I was particularly interested in this story because many years ago I was on an archaeological project in Greece and heard a first hand story how prehistoric artifacts had been stolen and ended up in Switzerland.

Switzerland is returning 4,400 ancient artifacts stolen from archaeological sites in Italy, including ceramics, figurines and bronze daggers dating as far back as 2,000 BCE, prosecutors announced.

The transfer will require three tractor-trailers and all but end a seven-year legal battle over the antiquities. They were seized in 2001 in storage rooms belonging to two Basel-based art dealers after a tip-off from Italy, said Markus Melzl, a spokesman for city prosecutors. The couple have since lost several court battles to prevent the antiquities from being returned to Italy, Melzl said.

More than half the objects were from the eastern Italian region of Apulia, an area that was heavily influenced by ancient Greek culture, said Guido Lassau, a Swiss archaeologist who worked on the case. They include richly decorated vases and so-called kraters, large vessels that were used for mixing wine with water. The objects were stolen from upper-class tombs dating from the fifth to third centuries
BCE, according to Lassau. One item that looks like a ceramic mask modeled on a woman's face retains the original water-soluble painting from about 300 BCE.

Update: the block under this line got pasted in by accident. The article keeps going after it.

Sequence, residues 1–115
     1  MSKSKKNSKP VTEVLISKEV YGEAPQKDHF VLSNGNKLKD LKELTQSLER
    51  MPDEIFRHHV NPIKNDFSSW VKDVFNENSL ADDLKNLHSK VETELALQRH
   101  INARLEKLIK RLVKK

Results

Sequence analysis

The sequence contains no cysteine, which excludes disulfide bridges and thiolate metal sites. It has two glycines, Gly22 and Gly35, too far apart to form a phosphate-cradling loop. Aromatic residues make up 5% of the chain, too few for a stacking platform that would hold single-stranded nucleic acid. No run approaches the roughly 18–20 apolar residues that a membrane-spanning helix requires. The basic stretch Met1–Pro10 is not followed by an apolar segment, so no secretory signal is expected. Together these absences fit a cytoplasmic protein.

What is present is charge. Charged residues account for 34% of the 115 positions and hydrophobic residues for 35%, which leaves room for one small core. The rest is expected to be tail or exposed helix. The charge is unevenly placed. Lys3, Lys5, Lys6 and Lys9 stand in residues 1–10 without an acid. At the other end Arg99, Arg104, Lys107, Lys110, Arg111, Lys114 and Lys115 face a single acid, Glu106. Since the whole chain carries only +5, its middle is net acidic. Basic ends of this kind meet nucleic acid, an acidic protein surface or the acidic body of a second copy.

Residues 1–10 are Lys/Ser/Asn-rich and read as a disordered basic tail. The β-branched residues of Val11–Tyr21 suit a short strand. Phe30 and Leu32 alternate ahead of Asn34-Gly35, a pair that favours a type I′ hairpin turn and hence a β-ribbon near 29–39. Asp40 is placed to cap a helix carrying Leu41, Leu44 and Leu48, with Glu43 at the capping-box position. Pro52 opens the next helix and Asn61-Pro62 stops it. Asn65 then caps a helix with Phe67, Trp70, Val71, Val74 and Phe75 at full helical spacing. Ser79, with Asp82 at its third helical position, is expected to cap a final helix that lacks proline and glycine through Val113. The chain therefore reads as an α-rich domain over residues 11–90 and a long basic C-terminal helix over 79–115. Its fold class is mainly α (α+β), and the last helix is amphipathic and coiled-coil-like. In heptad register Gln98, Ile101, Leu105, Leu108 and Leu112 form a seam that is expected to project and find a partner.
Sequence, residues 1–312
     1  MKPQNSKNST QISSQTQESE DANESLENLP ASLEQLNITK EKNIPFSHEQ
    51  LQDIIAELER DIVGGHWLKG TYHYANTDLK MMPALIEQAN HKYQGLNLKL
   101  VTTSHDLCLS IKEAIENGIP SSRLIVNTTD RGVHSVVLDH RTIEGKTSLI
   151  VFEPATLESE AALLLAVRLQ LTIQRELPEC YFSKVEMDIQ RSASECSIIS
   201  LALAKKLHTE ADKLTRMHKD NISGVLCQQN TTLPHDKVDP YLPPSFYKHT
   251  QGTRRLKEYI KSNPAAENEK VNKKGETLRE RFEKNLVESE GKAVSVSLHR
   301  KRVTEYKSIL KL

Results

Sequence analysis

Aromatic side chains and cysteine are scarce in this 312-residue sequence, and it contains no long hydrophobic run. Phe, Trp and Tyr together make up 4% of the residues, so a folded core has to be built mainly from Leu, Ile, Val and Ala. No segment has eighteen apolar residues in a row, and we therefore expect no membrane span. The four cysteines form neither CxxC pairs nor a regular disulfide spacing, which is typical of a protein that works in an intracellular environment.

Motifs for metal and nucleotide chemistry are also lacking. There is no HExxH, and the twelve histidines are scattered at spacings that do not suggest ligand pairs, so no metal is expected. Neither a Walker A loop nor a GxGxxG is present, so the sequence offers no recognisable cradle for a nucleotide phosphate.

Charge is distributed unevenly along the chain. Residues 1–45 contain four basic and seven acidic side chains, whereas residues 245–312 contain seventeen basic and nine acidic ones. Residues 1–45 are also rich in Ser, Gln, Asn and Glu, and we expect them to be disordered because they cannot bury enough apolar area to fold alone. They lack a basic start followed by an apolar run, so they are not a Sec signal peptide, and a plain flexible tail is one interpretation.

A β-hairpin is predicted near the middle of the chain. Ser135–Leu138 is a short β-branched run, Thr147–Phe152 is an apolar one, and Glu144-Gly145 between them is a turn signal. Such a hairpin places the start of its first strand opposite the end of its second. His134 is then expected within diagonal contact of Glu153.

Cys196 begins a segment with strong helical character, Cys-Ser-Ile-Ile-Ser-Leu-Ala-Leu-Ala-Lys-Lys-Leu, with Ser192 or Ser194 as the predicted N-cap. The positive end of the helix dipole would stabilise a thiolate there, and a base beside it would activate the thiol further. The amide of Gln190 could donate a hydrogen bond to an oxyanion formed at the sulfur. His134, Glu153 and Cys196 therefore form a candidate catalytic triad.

Other items belong to the pre-Etruscan Villanova culture of northern Italy, and some of the bronze figures appear to have originated on the island of Sardinia. The oldest are bronze daggers thought to be about 4,000 years old, said Lassau. "This is a vast haul on a dramatic scale that would have saturated the market if they had
been sold," he said, adding that very few such items are available through legal channels.

Switzerland was until recently a major hub for the trade in stolen antiquities, but new laws introduced in 2005 have largely shut down the illegal market there, said Lassau. "The market has moved on to Germany, which has far looser laws," he said. "They really need to close the loopholes in their legislation, if they want to stop the global trade in these goods."

Check out a new book called Loot: the Battle over the Stolen Treasures of the Ancient World by Sharon Waxman -- the problem goes back to the 19th century!

Sources: Associated Press, Newsday.com (6 November 2008)

Saturday, November 01, 2008


Peruvian archaeologists have made the most exciting find for a generation. They have confirmed the discovery of two 3,000-year-old temples in the Collud-Zarpan complex, some 500 miles North of the capital Lima. The two structures formed part of a large ceremonial area that belonged to the Cupisnique culture, according to
Peruvian archaeologist Walter Alva.

He said: "We have here a monumental staircase of 25m in width. The rest is a polychromatic relief with images of the spider god, and we also have a part behind of what would be a temple that extended at least 500m south." The archaeologist said the discovery ranks as one of Peru's most important religious finds and could reveal important information about the influence of Cupisnique culture. The news comes
as government officials considering giving some £350,000 worth of funding to reopen excavation at the site, which closed down last year due to lack of money.